Writer's ranch life brings authenticity to book about cowboy's confessional letters
PRESCOTT - Working on a ranch isn't an easy job, but it is rewarding.
For award-winning author Amy Hale Auker, it's doubly so. Not only does she write southwestern literature, but Auker has spent much her life amongst cowboys. Working on a ranch, which she's done since 2008, puts her right where she wants to be.
"I've been hearing cowboy stories since I was in my mother's belly. I've been listening to cowboy stories my whole life, cooking for cowboys, mopping up after cowboys, doing laundry for cowboys and gave birth to a cowboy," Auker said. "For the first time in my life, I started actually cowboying for a paycheck."
On top of her daily work, the author makes time to write every single day or, as she terms it, "shows up to the page."
"The last six years of cowboying have fed my writing in a way I cannot even describe," Auker said.
Pen-L Publishing will release her second novel, "The Story is the Thing," early next year. The book will be available for pre-order in October. She enlisted Prescott artist Steve Atkinson to design the cover, for which he created an original painting.
Auker described the book as an epistolary account written by an old cowboy. A letter, written on yellow legal pads and left to a dear friend, tells not only the main character's life story, but serves as a confessional for a crime committed at the end of his life.
"The reader also gets to know three very special young women as they seek belonging and love and truth," Auker said.
As an author who specializes in prose, Auker said writing "The Story is the Thing" proved to be something of a challenge.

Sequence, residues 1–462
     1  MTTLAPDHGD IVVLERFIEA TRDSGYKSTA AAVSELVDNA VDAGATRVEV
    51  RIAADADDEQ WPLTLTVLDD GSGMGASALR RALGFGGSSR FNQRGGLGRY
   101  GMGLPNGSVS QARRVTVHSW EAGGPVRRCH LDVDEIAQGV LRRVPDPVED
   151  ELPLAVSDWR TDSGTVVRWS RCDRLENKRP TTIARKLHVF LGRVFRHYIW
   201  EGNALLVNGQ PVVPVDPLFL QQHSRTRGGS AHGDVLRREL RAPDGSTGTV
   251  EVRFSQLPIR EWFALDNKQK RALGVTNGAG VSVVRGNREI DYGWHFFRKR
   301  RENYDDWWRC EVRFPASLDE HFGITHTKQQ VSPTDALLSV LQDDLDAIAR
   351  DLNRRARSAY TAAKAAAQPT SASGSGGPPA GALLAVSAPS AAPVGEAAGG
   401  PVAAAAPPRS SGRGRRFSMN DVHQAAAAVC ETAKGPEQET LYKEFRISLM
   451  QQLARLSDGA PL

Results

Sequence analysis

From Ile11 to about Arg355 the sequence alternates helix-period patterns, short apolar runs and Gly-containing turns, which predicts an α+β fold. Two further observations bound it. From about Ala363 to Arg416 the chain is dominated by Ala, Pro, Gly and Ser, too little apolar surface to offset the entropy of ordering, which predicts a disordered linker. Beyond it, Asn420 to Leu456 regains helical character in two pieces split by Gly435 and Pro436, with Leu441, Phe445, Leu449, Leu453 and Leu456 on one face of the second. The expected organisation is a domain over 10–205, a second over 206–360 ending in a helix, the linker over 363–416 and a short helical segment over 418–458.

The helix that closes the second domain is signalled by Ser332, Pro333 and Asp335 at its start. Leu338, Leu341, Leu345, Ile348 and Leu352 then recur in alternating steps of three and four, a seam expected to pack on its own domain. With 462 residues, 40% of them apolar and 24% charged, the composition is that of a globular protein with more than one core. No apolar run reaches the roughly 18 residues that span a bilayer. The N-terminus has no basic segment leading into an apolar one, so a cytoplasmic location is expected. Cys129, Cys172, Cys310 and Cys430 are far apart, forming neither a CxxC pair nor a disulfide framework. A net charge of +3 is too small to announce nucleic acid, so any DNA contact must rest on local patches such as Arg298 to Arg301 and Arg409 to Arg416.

"I like to write about beautiful things - dragonflies, the garter snake that swims across the swimming hole - those are the things I like to write about. But I developed some characters and I realized, about halfway through, this guy is going to die. We can't have him living at the end of this book.
"It turned into so much fun to do."
The book tackles subjects that aren't normally addressed in Western literature, Auker hinted.
On Saturday, Sept. 6, at 2 p.m., Auker will take part in a special literary panel discussion titled "Women Who Broke the Mold" at the Peregrine Book Company in downtown Prescott. Other writers who will be on hand for the event include Heidi M. Thomas, author of "Cowgirl Dreams," "Dare to Dream," and others; and Carolyn Niethammer, whose book "The Piano Player" was released earlier this year.
"We're going to be talking about women who, either in contemporary times do jobs that aren't considered feminine, like being a cowboy for a living, and women who did things culturally or within the day and age they lived in that were surprising," Auker said.
Local television personality and author Sandy Moss will moderate the panel discussion.
For more information, visit the bookstore online at www.peregrinebookcompany.com.
Follow reporter Patrick Whitehurst on Twitter @pwdcourier.